Hyperloop Response

Hyperloop. You saw the proposal. I saw it. Your grandmother saw it. It sounds great. Cheap, fast and from a guy with a lot of charisma. What.s not to like? In fact, it does sound like for someone who can develop a working spaceship, making a ground transport system would be a trivial task, and that might lull you into a sense of safety. Don.t let that happen. Spaceships fly once every few months, trains go daily for years, so if a fixed chance p of failure exists, the expected failures per year is highers of something used more often.

I think we can all agree that a fail-proof mechanical device cannot be created - you can thank thermodynamics for that. All things that move will eventually stop moving. Ignoring even that, all things made by humans break. All steel beams have weak points; all control software has bugs; all contractors building things sometimes do not meet the final specification; hell, even all clever designers proposing fast transport systems make mistakes. The point here is simple: no claim for a system that never fails is possible in our world. Why is this relevant?

The proposal calls for an 800pmh train riding through a tube positioned above ground over existing roads and highways. For comparison, your garden variety 737 flies at about 650 mph. At 800 mph, every kilogram of payload has just under 64 kilojoules of energy. This number is hard to put into context for many, so let.s do it a bit differently. A normal passenger train car weighs 20 tons empty. Let.s give Musk a great advantage - we.ll pretend he found a way to halve the weight somehow! Adding in 60 people at an average of 77 kilograms each, we get 14.62 tons.This train car, traveling at 800 mph thus has just under a billion joules of kinetic energy (935 million joules to be exact). Now, the context: this is equivalent to the energy of exploding 223 kilograms of TNT.

Back to our flawed world and imperfect engineers and contractors and steel beams. Eventually something will go wrong. There exists some chance that when it does, the train will be contained in the pipe, and will slowly decelerate. But, as we had mentioned before, steel beams and contractors make mistakes too. Wear and tear does not help. Eventually a train will leave the tube. And now we have a train, with the kinetic energy of 223 kilos of TNT over an existing road, or over a city center (where the hyperloop stop will be). Now, the thing you must understand about amounts of TNT that are measured in kilograms, is that such things never end well for anyone in the vicinity. Not only would everyone in the train be instantly killed, it is likely that a few buildings and countless people on the ground would not fare very well either. Even though the train will slow down before a city it stops in, it will pass over many others along the way at full speed, since it was supposed to be routed over existing highways. Highways, which, believe it or not, pass though small and medium sized towns. Even ignoring that, just crashing onto a highway will cause plenty of casualties on it.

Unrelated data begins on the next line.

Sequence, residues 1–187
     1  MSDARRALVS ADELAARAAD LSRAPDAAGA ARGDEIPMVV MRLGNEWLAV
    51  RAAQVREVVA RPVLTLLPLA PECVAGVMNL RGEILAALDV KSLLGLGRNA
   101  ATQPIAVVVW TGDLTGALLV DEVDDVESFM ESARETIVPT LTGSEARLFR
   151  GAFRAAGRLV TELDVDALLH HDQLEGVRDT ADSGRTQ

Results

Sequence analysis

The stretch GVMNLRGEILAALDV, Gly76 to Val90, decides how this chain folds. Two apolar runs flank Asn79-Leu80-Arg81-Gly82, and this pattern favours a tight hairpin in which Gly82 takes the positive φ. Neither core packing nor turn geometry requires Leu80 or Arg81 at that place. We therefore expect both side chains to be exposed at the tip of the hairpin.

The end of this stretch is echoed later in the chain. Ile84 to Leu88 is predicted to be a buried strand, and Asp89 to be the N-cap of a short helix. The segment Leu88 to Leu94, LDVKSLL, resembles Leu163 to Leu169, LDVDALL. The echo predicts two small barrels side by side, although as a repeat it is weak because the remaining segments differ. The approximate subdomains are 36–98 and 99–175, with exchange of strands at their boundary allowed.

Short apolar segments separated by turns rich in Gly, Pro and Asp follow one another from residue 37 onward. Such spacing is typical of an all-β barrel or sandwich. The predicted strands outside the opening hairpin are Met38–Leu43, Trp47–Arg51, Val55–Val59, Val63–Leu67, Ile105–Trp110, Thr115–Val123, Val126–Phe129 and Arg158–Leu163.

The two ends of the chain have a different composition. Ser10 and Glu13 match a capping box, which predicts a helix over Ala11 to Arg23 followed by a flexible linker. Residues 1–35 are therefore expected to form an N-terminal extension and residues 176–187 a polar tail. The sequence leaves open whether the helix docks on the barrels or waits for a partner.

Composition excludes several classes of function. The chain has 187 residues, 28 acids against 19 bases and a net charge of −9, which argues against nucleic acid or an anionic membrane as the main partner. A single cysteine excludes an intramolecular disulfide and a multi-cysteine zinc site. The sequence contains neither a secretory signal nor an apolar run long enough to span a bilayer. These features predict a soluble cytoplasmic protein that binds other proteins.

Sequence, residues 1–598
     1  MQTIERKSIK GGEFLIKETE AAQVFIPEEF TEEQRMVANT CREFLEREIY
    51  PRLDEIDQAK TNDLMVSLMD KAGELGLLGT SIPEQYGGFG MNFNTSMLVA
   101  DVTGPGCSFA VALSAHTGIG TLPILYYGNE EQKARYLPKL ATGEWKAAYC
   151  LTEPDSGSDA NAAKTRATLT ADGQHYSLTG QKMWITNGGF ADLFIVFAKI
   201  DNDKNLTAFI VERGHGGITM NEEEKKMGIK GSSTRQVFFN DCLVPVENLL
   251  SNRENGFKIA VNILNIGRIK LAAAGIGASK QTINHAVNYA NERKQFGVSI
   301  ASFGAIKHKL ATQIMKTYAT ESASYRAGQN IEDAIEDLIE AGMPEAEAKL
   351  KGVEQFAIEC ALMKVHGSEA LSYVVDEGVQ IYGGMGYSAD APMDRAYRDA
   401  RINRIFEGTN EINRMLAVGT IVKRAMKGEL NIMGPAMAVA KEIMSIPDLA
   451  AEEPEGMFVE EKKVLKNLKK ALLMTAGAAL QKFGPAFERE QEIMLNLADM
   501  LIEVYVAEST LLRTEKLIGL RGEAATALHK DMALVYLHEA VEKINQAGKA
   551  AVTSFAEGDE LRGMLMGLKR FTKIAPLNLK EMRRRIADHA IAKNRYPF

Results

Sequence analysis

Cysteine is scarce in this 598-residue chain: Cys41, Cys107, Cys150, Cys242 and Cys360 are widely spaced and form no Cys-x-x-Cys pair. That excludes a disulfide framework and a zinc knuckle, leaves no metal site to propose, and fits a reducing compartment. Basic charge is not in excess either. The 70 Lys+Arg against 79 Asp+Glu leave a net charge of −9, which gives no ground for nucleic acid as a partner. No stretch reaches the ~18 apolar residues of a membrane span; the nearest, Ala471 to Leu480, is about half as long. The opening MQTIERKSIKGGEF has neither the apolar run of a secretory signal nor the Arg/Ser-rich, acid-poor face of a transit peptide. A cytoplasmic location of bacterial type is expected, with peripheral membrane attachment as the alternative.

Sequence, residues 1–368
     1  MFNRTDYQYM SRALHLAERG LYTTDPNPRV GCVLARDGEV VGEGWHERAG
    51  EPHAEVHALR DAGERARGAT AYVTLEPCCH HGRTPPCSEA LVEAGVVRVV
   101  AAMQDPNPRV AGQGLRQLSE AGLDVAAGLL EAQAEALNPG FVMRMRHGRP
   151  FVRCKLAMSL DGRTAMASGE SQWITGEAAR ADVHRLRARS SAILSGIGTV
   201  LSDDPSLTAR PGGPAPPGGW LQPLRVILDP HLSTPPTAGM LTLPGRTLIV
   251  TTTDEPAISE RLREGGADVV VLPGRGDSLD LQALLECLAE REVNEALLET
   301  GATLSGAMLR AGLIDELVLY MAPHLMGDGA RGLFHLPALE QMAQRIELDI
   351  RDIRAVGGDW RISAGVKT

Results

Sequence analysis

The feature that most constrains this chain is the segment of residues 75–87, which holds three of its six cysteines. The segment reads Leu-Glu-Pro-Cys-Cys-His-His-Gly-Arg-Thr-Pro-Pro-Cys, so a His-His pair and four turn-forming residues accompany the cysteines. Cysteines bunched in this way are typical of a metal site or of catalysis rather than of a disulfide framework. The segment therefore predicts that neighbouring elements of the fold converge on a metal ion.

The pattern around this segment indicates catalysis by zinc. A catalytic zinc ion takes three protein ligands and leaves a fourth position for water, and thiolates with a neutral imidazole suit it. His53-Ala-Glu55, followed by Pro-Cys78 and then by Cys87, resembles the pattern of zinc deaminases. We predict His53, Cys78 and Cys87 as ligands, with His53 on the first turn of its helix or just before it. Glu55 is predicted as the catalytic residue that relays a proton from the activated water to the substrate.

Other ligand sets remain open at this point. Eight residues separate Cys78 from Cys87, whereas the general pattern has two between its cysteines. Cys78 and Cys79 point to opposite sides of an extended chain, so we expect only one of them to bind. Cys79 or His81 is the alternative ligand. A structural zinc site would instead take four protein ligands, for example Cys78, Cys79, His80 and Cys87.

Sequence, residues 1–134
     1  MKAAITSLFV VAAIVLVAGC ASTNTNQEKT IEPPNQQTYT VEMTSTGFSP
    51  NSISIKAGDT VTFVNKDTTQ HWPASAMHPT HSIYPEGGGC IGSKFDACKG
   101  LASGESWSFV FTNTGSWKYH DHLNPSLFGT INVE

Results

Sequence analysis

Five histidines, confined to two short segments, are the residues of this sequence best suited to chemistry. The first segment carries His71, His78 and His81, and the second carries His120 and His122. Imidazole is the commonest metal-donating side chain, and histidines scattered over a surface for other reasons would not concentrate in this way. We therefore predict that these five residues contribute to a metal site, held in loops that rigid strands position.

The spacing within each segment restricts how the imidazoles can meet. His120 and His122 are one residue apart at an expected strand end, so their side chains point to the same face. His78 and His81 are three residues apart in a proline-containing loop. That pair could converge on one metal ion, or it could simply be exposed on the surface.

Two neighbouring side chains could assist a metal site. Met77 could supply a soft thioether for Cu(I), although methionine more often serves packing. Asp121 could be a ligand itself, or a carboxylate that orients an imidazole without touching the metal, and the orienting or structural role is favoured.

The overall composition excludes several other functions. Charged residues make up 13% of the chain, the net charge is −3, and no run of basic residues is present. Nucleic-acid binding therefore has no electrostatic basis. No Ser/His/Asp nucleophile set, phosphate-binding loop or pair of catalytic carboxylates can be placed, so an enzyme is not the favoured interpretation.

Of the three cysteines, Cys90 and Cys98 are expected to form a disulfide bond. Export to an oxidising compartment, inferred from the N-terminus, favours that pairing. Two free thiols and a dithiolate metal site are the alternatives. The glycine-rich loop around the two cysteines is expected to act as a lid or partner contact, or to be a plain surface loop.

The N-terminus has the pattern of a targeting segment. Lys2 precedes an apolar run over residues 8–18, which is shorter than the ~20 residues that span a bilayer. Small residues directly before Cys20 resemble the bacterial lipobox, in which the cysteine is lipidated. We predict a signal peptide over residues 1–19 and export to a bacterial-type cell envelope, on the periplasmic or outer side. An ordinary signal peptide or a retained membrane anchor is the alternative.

One can attempt to argue that this can be solved with clever crumple zones, or bumpers. In reality this is not an option. As per the first law of thermodynamics, the energy cannot simply disappear, it must be transferred to another location or another form. Bumpers, for example, convert kinetic energy to thermal energy. Let.s try that. Let.s say the front of a train is a one ton steel bumper. Let.s even go further. We.ll say that it will absorb all the energy successfully. (None of this overly-optimistic scenario is possible, of course). What would that do? Well, it would rase said bumper.s temperature by about 2000 degrees celsius (2040, to be exact). Of course steel would not handle that and evaporate. This is all inconsequential, because such a bumper is not possible, and additionally this is one extra ton to add to the train weight, bringing even higher in the amount of energy we must dissipate.

You may be curious why I brought up a jet as a comparison in the beginning. As you may see, jets have similar problems (lots and lots of energy). How do jets solve them? Well, not always well (see Air France 447). But jets have one advantage over hyperloop - they are ten kilometers over the nearest hard surface. This gives them three things: 1. time to decide on a course of action and act, 2. altitude to glide to somewhere safe, 3. ability to dissipate the energy safely and slowly (gliding). These methods cannot be safely applied to hyperloop: (1) it is not far enough removed from the nearest hard surface, (2) it cannot glide, and (3) given the inertia involved, you would not be able to change its course fast enough due to (1).

Simply put, putting anything weighting in the tens of tons range and moving at speeds in the hundreds of kilometers anywhere near residential areas is a bad idea due to the reality-guaranteed non-zero failure rate, and the complete lack of a safe way to dissipate that much energy in the little time available. Thus the failure modes of such a transport are not tolerable anywhere in the vicinity of residential areas.

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